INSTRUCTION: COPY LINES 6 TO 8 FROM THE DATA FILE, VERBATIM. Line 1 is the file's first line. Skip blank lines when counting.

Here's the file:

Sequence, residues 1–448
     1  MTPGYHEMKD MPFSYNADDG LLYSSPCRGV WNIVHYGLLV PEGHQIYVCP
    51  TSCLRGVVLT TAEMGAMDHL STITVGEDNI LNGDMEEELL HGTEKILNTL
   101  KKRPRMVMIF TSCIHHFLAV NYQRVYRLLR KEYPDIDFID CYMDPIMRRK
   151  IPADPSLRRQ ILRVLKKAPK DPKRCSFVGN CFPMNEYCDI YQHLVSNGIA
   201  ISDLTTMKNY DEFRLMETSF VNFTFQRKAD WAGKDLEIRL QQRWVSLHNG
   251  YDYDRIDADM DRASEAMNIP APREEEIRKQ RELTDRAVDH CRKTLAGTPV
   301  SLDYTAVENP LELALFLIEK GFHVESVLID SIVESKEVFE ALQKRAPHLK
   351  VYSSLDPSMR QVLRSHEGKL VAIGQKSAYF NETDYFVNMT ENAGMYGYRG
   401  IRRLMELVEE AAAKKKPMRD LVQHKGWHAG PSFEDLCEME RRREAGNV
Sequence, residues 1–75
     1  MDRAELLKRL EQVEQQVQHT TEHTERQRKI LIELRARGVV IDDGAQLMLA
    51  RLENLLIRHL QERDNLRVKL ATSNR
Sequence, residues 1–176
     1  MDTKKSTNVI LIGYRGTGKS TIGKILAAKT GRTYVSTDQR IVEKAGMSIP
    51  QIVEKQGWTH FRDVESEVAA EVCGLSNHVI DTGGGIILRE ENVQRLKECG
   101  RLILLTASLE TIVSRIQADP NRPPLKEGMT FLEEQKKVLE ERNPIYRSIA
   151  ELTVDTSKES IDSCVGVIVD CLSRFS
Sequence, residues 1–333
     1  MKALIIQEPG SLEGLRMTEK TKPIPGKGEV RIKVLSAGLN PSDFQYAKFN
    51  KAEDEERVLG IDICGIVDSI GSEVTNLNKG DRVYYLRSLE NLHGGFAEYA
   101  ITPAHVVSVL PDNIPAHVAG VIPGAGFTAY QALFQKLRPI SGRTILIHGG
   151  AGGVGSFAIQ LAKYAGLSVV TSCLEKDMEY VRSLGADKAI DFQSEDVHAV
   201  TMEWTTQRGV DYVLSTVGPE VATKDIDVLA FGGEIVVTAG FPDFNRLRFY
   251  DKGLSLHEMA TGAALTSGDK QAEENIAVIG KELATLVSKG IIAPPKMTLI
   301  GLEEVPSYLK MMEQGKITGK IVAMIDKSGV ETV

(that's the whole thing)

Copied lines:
   201  ISDLTTMKNY DEFRLMETSF VNFTFQRKAD WAGKDLEIRL QQRWVSLHNG
   251  YDYDRIDADM DRASEAMNIP APREEEIRKQ RELTDRAVDH CRKTLAGTPV
   301  SLDYTAVENP LELALFLIEK GFHVESVLID SIVESKEVFE ALQKRAPHLK